From the discovery of the New World to the developing colonies in North America, the newcomers and the indigenous people benefitted each other by their cultural traditions, but were also weakened by the development of wars, diseases, and political conflicts. These factors would forever affect the lives of the natives and the lives of the colonists.
For the natural instinct humans have for trade, many of the indigenous people traded freely when the Europeans arrived. Trade, for the Indians, was meant to create a friendly bond with the European traders. When the first European item was traded with an Indian's, word of the never before seen item quickly spread throughout North America, and most Indian's wanted these "impressive new technologies", (Calloway). They were increasingly interested in a common European lifestyle that included furniture, clothes, tools, and other household items. Not only the Indians were fascinated by the items, it also made their lives easier. Europeans took advantage of this vantage point to deliver vast amounts of manufactured goods. The requirement of metal goods helped the indigenous people farm, hunt, cook, and many other things. Clothing, which was another benefit from the Europeans, played an important role in an Indian's life because it helped protect Indians from cold weather and diseases by covering up exposed skin from the lethal components of nature. Because of the influence of the European goods, the indigenous people started to manufacture "their own versions of European things", (Calloway).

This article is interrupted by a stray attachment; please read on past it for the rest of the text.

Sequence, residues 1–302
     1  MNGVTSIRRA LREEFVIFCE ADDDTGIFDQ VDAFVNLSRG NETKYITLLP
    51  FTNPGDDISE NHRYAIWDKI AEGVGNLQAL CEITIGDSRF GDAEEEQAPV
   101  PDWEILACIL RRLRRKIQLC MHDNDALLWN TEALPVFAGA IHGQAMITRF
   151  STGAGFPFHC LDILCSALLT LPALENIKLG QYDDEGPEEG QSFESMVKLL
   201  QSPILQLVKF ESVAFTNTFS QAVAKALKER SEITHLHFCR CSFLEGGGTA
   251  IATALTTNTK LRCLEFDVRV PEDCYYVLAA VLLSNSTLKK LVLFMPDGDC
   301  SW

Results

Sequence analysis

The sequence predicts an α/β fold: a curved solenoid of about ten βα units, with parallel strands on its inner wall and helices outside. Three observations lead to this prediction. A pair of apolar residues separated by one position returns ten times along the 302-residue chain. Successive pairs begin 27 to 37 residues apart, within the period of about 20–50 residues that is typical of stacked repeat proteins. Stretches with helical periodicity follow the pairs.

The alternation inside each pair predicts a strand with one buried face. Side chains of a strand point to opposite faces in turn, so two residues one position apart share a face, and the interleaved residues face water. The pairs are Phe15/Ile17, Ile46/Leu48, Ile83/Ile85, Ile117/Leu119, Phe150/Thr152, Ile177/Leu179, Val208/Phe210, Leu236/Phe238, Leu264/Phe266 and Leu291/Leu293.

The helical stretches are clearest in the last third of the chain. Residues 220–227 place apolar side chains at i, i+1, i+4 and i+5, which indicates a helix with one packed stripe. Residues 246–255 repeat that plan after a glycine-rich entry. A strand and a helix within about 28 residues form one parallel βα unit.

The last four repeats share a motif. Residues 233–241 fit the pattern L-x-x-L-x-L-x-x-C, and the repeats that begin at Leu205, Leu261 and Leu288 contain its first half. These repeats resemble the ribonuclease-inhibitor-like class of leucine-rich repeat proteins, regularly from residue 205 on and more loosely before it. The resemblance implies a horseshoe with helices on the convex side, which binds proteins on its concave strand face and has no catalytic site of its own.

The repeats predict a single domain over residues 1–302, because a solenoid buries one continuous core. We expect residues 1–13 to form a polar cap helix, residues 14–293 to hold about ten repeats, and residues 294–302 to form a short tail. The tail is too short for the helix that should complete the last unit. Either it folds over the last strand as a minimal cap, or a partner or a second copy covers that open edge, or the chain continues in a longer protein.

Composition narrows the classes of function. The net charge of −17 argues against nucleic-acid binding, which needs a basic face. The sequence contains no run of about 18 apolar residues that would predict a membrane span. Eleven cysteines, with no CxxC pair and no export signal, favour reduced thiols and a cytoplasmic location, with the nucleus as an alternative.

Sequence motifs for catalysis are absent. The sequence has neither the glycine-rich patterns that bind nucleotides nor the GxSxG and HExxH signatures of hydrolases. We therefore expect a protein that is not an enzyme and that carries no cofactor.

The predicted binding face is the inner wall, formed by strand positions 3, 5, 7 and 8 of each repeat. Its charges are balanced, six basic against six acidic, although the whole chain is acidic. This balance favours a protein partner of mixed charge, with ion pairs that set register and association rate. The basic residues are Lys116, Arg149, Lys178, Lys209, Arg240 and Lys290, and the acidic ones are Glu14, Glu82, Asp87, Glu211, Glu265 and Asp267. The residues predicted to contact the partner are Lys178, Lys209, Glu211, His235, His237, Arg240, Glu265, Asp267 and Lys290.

As the popularity of the European goods arose in the indigenous community, the Indians' dependency of the European suppliers also increasingly rose. This escalated into the developing conflict between other tribes, the Europeans, and also within the same community. Due to the use of guns after trading with the newcomers, it was easier for the Indians to control other tribes.